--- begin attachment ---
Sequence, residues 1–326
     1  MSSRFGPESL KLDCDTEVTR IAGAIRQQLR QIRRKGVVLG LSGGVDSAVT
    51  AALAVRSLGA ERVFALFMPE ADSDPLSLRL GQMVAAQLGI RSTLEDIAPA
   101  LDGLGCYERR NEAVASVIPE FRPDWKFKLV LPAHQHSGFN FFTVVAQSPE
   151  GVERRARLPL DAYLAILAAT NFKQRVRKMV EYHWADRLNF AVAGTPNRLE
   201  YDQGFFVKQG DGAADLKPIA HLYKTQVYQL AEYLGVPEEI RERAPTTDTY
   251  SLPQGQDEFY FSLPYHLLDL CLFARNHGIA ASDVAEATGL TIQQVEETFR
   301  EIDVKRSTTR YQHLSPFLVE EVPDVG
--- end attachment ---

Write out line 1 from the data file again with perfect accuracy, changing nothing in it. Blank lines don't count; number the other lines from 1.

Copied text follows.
Sequence, residues 1–326